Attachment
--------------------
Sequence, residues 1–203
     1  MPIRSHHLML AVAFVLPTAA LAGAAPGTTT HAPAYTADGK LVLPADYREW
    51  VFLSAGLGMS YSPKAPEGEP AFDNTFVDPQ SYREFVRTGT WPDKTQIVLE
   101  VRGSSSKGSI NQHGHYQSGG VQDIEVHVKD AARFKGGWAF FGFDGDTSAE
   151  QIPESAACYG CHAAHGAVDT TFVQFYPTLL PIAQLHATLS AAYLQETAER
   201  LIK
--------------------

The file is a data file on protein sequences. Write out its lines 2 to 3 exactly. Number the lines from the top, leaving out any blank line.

     1  MPIRSHHLML AVAFVLPTAA LAGAAPGTTT HAPAYTADGK LVLPADYREW
    51  VFLSAGLGMS YSPKAPEGEP AFDNTFVDPQ SYREFVRTGT WPDKTQIVLE